These men felt that the Government had the money. Newspapers, which can always be picked out of trash cans in the parks and public places, published stories of extensions of credit to foreign nations. Headlines told of loans to railroads and to large corporations.
This is not the place to argue the justice or the fallacy of the demand for the immediate payment of the Bonus. The point, continually forgotten, is that the Bonus in these men's minds became a substitute or a symbol for that long dreamt of new start, a job. These men had nothing to which to look forward except to the shiny shoulders of the man in front of them in the breadline.
Whenever I asked these men which they would rather have, the Bonus or a job, the reply was nearly always the same: "A job, of course. But where's a job coming from? I've looked every day for over a year and haven't found one."
Members of the Bonus Expeditionary Force Walking Through the Muddy Streets of Camp Marks in Washington, DC, 18 June 1932. Photograph by Underwood & Underwood. Library of Congress LC 2017648538. GGA Image ID # 186e68fe65
When asked what they would do with the Bonus, their answers were alike: "First, I'd buy the kids some clothes, then I'd pay the rent, then the grocery bill. And believe me, we'd have at least one good Sunday dinner." Frequently one heard, "Well, I could at least pay my debts and then maybe my credit would hold up until I do get a job."
All this could not fail to impress me because it conformed exactly to my own condition and viewpoint.
In Portland at this time there were more than eighteen hundred veterans unemployed who were the heads of families. There was an additional large number of veterans without dependents in the daily breadlines.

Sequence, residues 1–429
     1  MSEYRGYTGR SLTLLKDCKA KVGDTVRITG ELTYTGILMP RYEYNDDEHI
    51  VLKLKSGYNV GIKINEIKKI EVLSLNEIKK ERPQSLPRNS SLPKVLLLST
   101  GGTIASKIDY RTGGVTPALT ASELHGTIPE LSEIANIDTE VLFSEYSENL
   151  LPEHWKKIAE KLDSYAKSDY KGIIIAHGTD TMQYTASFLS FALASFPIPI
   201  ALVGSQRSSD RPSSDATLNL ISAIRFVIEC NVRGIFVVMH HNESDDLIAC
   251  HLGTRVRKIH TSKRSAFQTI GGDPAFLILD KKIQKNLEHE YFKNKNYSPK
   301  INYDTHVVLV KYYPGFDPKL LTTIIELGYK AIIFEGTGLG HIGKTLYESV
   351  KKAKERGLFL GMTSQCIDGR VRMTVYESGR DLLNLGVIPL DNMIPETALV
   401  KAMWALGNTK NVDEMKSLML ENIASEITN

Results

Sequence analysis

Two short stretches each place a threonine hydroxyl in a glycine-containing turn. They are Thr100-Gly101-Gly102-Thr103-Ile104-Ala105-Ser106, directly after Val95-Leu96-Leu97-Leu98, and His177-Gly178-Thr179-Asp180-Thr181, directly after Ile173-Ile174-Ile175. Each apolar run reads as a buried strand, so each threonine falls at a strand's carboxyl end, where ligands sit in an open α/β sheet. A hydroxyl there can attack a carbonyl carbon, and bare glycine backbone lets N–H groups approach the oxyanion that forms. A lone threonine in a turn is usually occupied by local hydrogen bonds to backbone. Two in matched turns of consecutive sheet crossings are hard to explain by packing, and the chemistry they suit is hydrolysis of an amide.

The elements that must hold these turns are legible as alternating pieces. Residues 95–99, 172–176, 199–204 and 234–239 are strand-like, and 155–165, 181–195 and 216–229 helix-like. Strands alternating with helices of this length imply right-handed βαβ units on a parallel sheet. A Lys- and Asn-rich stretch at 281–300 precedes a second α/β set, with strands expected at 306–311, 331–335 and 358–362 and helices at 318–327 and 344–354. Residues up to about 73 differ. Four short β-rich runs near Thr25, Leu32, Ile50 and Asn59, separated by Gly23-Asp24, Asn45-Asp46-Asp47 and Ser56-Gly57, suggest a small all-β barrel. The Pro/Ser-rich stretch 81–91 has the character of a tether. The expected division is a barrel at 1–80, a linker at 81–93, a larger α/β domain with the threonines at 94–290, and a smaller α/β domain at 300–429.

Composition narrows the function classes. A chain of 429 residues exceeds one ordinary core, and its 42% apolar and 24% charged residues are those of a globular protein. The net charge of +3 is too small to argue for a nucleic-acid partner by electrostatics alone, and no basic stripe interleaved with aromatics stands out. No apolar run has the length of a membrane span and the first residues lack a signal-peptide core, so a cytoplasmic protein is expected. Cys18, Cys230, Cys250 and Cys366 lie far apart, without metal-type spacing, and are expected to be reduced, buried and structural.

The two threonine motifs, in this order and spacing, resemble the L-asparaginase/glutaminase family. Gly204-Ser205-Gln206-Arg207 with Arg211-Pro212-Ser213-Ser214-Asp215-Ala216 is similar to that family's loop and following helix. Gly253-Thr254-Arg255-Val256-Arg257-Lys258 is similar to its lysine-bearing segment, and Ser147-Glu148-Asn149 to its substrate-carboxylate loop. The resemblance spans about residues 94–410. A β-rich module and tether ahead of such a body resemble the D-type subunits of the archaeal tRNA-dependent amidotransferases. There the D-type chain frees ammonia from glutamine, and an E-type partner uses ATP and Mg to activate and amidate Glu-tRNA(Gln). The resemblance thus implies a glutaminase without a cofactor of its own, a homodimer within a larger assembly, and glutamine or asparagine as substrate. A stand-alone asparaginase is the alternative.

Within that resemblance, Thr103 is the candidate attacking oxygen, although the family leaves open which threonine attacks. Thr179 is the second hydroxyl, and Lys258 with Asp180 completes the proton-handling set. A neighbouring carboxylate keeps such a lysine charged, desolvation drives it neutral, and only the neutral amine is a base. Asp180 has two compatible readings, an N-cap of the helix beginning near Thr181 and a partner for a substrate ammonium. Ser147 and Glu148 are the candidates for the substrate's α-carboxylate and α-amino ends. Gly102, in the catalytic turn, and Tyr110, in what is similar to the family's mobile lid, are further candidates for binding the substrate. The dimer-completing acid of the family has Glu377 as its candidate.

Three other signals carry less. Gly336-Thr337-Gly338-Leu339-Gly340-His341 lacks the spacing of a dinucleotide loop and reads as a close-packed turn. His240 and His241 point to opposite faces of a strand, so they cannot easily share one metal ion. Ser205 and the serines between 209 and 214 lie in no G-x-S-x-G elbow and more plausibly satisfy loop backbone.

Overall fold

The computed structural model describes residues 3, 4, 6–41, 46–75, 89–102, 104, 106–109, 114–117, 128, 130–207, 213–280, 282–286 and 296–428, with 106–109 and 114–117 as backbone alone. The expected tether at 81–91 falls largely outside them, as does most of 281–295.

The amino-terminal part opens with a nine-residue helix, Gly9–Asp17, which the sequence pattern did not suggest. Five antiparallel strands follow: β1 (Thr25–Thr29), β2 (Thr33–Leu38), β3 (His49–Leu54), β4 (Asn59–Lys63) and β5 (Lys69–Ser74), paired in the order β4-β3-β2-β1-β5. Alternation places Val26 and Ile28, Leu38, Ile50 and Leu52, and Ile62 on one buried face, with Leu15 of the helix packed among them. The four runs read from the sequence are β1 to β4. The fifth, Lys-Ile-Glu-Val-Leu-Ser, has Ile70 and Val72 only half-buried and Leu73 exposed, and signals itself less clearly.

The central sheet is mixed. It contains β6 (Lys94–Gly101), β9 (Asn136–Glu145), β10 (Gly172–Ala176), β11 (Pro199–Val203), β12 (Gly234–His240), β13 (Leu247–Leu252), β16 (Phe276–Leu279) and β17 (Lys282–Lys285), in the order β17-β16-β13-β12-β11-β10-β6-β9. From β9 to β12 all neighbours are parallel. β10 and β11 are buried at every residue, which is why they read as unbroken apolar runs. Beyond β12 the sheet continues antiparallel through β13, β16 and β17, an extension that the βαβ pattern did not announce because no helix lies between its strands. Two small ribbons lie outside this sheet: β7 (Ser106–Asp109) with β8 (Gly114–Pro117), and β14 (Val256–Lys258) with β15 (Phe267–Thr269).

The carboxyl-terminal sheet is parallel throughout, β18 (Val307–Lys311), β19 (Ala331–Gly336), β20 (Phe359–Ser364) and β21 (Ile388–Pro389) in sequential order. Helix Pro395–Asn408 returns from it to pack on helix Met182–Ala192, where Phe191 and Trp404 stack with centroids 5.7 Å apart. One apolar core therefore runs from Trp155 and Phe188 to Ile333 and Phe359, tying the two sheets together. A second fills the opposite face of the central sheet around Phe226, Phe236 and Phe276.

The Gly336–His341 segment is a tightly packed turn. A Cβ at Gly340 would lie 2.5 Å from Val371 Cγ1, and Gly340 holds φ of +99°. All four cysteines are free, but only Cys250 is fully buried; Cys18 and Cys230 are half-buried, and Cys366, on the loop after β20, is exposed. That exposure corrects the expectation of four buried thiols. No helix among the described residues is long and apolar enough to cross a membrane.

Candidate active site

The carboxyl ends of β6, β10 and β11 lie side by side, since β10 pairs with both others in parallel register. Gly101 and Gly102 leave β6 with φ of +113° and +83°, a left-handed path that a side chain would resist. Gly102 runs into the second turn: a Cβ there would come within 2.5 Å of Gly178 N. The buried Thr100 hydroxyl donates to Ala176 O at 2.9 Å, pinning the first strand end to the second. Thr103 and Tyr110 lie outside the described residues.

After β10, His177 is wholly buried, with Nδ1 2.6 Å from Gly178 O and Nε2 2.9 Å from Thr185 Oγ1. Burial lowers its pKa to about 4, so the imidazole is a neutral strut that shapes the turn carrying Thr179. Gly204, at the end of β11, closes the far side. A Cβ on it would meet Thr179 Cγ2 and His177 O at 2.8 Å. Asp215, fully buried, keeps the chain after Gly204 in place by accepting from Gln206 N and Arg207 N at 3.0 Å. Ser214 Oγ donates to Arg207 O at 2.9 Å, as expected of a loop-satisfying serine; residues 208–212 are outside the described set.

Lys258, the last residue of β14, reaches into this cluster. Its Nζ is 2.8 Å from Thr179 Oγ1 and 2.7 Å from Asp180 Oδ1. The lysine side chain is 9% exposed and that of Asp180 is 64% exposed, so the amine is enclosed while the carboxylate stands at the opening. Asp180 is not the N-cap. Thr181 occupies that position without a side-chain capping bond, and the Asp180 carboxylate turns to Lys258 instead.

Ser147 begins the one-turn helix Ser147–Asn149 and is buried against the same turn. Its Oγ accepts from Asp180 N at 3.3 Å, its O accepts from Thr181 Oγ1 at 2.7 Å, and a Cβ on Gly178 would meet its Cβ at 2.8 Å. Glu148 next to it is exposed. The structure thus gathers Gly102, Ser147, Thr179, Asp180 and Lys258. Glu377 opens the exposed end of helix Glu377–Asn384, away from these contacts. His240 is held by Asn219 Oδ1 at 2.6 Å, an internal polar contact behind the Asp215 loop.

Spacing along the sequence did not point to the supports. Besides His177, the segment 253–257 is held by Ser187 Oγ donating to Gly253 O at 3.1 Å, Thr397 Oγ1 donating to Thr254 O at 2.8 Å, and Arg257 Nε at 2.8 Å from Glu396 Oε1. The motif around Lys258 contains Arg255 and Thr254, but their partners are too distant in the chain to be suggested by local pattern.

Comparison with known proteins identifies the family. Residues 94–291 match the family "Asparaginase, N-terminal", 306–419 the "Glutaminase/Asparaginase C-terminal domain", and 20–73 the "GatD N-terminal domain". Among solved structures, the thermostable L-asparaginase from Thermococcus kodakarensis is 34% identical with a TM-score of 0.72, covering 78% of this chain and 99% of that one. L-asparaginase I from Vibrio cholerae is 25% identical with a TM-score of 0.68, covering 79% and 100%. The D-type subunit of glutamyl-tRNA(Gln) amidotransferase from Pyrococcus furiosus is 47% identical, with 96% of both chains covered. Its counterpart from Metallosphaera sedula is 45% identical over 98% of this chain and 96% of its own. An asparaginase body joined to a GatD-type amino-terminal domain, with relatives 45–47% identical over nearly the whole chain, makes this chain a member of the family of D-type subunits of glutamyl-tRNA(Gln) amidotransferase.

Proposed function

There were thousands of unemployed people, not veterans. But the city's charities had to care for all of them and their facilities were overtaxed. The many business and professional men in the city, who had been solicited for contributions again and again, knew it.
The hungry and unemployed veterans were not the only ones eager for the payment of the Bonus. Doctors, shopkeepers, druggists, and landlords felt that the payment of the Bonus would relieve in part the drain on public charity and would help them to collect long overdue bills. Small shopkeepers said that such a cash advance would, indirectly, keep them out of bankruptcy.
During this time I was anxiously watching reports in the newspapers of the progress of Bonus legislation. Having been originally reported for consideration in December, the bill was continually being postponed to some future date. Posts of the American Legion all over the country were going on record in favor of immediate payment, thus reversing the attitude which their delegates, at President Hoover's request, had expressed in the National convention the previous autumn.
The rank and file in the Legion were voting now, and not the leaders and the few delegates. The Veterans of Foreign Wars had been carrying on an aggressive campaign to secure signatures on petitions to be presented to Congress. I noticed, too, that the highly organized lobbies in Washington for special industries were producing results; loans were being granted to their special interests and these lobbies seemed to justify their existence. Personal lobbying paid, regardless of the justice or injustice of the demand.
Then, too, I knew that the Adjusted Service Certificates, the "Bonus," maturing in 1945, would in reality bring a very small sum of money to their holders at that date. Most of the veterans had applied for part payment under the law of 1931.